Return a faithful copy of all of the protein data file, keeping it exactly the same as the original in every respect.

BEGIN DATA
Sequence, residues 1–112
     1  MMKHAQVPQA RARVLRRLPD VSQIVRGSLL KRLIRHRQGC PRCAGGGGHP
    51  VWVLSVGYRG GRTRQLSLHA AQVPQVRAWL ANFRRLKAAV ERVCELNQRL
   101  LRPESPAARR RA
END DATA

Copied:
Sequence, residues 1–112
     1  MMKHAQVPQA RARVLRRLPD VSQIVRGSLL KRLIRHRQGC PRCAGGGGHP
    51  VWVLSVGYRG GRTRQLSLHA AQVPQVRAWL ANFRRLKAAV ERVCELNQRL
   101  LRPESPAARR RA